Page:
Since various modifications can be made in my invention as hereinabove described, and many apparently widely different embodiments of same made within the spirit and scope of the claims without departing from such spirit and scope, it is intended that all matter contained in the accompanying specification shall be interpreted as illustrative only and not in a limiting sense.

Claims (8)

What I claim as my invention is:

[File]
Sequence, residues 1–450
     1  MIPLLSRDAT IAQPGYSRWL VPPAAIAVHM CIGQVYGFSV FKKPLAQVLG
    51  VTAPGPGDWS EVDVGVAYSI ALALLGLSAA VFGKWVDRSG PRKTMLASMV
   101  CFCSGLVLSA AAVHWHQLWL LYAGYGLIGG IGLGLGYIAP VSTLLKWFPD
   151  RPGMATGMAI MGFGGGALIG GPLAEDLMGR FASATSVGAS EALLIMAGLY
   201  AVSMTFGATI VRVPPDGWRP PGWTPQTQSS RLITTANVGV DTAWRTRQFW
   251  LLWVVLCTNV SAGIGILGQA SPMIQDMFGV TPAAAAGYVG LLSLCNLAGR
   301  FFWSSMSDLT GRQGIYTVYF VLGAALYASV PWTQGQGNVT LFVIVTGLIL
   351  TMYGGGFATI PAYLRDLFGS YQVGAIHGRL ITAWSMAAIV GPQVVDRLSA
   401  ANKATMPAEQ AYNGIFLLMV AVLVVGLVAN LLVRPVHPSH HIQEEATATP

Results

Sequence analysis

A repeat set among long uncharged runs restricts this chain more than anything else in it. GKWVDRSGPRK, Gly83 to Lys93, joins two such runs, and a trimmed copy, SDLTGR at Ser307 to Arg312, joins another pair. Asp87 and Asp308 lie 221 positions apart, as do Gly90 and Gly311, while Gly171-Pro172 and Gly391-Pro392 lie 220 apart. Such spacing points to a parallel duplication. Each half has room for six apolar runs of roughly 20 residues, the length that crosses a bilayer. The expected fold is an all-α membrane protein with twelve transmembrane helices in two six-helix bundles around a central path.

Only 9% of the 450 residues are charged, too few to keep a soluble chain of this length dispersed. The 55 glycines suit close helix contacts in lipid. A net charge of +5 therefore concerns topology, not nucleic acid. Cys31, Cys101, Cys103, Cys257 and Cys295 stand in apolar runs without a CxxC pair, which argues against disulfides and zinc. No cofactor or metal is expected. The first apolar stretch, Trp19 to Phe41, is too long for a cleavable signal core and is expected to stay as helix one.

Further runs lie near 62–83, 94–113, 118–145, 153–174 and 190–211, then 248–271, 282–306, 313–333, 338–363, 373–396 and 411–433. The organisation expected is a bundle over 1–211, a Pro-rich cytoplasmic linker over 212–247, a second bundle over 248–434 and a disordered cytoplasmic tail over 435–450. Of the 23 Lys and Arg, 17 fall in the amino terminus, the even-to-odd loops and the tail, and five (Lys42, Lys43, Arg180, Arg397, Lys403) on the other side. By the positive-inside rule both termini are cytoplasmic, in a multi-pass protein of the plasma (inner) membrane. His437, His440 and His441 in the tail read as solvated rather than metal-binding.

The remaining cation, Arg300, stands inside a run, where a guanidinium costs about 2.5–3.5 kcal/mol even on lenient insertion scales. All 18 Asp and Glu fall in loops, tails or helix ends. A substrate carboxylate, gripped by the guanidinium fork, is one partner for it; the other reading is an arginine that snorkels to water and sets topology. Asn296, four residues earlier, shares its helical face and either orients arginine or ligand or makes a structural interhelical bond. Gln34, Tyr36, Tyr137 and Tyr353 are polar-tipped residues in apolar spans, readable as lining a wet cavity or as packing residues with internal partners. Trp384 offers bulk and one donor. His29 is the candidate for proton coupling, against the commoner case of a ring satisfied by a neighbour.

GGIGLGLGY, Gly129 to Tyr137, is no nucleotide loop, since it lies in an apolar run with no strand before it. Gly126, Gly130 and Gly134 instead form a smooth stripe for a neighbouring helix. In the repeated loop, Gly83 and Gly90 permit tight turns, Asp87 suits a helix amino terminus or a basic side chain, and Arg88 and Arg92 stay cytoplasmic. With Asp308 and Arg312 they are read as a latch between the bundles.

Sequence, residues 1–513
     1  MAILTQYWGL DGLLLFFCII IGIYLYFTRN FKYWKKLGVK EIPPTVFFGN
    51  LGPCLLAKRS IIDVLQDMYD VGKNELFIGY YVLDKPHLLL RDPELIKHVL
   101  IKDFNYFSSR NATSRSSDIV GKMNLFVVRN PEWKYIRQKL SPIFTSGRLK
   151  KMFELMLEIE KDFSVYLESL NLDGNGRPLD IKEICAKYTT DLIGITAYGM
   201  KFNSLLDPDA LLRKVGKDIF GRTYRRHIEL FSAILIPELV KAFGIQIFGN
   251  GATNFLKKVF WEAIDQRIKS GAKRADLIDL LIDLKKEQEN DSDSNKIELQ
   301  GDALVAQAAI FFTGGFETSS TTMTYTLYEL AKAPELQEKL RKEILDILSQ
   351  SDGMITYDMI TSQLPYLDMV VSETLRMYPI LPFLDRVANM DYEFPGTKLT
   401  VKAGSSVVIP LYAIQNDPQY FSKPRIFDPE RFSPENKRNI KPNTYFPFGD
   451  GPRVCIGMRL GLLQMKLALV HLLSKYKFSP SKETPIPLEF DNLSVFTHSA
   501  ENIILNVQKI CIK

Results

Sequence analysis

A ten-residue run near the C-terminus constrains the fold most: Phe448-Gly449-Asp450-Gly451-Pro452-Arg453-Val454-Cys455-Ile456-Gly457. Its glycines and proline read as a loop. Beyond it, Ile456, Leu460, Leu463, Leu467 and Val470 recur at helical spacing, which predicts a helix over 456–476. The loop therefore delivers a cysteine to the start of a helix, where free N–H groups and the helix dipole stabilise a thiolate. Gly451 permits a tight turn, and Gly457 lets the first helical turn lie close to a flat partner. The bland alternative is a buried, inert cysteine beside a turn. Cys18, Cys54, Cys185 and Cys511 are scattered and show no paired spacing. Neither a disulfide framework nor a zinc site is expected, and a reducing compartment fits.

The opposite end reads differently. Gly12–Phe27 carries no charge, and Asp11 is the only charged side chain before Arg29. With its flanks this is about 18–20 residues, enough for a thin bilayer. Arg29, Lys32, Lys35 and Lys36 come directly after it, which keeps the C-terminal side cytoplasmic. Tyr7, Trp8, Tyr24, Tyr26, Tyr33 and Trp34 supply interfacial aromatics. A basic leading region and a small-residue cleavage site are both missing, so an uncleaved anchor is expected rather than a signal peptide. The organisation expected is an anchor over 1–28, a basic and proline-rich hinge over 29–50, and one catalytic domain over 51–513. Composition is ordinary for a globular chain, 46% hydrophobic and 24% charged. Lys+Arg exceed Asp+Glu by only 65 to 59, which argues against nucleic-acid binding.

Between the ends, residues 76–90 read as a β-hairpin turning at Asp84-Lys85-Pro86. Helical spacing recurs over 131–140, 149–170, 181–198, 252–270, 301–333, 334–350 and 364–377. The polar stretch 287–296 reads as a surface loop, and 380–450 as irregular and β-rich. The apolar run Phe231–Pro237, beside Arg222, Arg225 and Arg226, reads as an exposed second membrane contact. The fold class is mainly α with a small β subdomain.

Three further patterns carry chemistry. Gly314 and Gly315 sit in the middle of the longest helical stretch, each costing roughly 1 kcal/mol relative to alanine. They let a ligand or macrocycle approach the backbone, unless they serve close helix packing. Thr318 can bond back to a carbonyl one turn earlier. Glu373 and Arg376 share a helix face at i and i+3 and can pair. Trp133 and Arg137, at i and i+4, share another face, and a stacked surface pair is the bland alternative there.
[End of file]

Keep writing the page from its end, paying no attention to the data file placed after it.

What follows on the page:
1. A heater for the interior of cars, trucks and the like adapted to be operated from a source of electrical power; comprising in combination a substantially cylindrical casing which includes a base plate, an air intake end plate, and an air discharge circumferential wall between said base plate and said air intake end plate, thus maintaining the same in substantially spaced and parallel relationship one with the other, a fan motor centrally mounted within said casing and upon said base plate and connectable to said source of electrical power, a fan driven by said motor in a plane substantially parallel to said base plate, said fan being situated above said motor and adjacent said air intake end plate, a heating element within said casing also connectable to said source of electrical power, said heating element being formed in a single length counterangulated between the ends thereof to form outer and inner portions, said portions being arcuately curved and having a degree of curvature similar to the degree of curvature of said perimetrical wall but lying spaced inwardly therefrom, said inner and outer portions lying substantially spaced and parallel one from the other, means to support said heating element within said casing, said means comprising a combination air deflector and support bracket secured to said base plate, said bracket being formed from a shaped flat plate extending upwardly from said base plate and being situated between part of said heater element and said fan motor, the upper edge of said bracket terminating just below said fan, said bracket extending around approximately 180° of said cylindrical casing, lugs extending radially outwardly from said bracket, the inner and outer portions of said heating element being supported by said lugs intermediate said base plate and said air intake end plate, and a guard strip between said heating element and said circumferential wall.